On 30 March, the Government approved a further update to the Covid-19 vaccination allocation strategy. Based on clinical, scientific and ethical frameworks produced by the national immunisation advisory committee, and my Department, following the vaccination of those most at risk, future groups will be vaccinated by age in cohorts of ten years. The move to an aged-based model better supports the programme objectives by protecting those at higher risk of severe disease first, which benefits everyone most; facilitating, planning and execution of the programme throughout the country; and improving transparency and fairness.
People with diabetes are included in three different groups in the vaccine allocation strategy: group 4, which comprises of people aged 16 to 69 with a medical condition that puts them at very high risk of severe disease and death, including those with diabetes who have a HbA1c level of greater than or equal to 58 mmol/mol; group 5, which comprises people aged 65 to 69 whose underlying condition puts them at high risk of severe disease and death, including all other diabetes, types 1 and 2; and group 7, which comprises people aged 16 to 64 who have an underlying condition that puts them at high risk severe disease and death, including all other diabetes, types 1 and 2.It is important to note that vaccination of group 4 began in March and vaccination registration for group 5 began on 15 April. In addition, vaccine registration for those aged 60 to 64 commenced on 23 April. The national immunisation advisory council, NIAC, continues to monitor on a rolling basis data around Covid-19 and emerging data on the effectiveness of vaccines.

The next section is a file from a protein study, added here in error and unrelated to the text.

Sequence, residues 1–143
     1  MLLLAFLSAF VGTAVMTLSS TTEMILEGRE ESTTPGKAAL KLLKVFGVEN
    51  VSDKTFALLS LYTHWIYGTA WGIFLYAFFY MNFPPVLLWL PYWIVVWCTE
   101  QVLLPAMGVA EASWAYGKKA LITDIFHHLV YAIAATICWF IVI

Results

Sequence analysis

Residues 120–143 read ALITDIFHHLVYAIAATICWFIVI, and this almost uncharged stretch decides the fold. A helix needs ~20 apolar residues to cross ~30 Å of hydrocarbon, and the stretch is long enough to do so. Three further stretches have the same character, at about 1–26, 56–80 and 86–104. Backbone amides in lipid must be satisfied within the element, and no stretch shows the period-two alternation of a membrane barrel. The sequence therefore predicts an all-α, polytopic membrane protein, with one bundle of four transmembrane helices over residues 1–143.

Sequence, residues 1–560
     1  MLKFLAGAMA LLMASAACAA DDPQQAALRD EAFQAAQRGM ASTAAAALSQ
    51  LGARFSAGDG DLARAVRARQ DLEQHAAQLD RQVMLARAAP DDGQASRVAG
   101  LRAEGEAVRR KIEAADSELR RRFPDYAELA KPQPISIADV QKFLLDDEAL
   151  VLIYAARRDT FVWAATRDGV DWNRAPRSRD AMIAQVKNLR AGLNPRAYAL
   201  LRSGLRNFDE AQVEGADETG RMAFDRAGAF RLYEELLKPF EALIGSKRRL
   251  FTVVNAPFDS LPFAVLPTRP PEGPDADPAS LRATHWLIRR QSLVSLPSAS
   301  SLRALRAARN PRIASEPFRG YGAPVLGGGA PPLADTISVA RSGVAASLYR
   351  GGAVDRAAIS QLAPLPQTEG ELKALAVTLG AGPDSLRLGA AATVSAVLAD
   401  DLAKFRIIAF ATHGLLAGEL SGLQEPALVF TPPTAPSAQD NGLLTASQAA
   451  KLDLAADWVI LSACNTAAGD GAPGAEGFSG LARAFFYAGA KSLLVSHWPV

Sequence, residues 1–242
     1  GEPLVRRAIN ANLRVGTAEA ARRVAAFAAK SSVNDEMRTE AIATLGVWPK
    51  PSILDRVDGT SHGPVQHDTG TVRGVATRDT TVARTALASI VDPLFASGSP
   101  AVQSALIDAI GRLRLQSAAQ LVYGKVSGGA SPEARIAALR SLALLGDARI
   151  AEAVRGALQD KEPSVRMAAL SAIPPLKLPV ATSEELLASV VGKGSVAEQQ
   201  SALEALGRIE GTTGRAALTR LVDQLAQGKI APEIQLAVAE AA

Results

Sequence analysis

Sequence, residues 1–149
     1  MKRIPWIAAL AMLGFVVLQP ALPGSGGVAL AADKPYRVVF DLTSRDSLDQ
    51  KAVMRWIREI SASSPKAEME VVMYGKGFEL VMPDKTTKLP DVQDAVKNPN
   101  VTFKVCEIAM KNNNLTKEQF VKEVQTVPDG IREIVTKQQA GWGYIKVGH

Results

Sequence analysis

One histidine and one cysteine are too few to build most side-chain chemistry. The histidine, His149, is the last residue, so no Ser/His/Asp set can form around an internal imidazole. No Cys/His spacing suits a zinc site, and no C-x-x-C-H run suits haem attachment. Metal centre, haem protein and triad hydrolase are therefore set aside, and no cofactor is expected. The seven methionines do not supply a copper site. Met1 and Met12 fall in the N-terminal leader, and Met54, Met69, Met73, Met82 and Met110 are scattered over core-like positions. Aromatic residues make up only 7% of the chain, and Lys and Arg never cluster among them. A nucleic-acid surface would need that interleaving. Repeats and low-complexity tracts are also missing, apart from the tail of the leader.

The Senator raised one or two issues not addressed in my statement. I will try to get him answers on them as well.
I thank the Minister of State. I have a couple of asks which I would like the Minister of State to come back to me on in his written response. The first ask is the development of a virtual consultation service. We have seen from the Covid-19 crisis that virtual and online services make sense. Prior to Covid-19 it was more difficult to make that happen, but it makes sense now and we should look at doing that.
The second ask is that the flash glucose monitoring devices be added to the long-term illness scheme. It is really important we do that. It is €1,000 per annum cheaper, the health arguments are clear and the financial arguments are clear. For those basic reasons, we should consider doing this sooner rather than later.
On the flash glucose monitoring devices, I will raise the matter within the Department, where I am sure it will be considered. The Senator will know that vaccination is recognised as one of most the cost-effective and successful public interventions. The WHO estimates that 2.3 million deaths per annum are prevented by vaccination and a further 1.5 million could be avoided if global coverage of vaccinations improved.
The Covid-19 pandemic has served to underscore the importance of the vaccination programme for the protection of public health on a global scale. It is important to emphasise that vaccination is only one part of our response to the prevention of Covid-19 infection. People who are vaccinated need to continue with all public health measures that have been proven to reduce the risk of infection, namely, limiting social contacts, physical distancing, wearing a mask, hand hygiene, cough etiquette and avoiding non-essential travel until a sufficiently large proportion of the population is immune.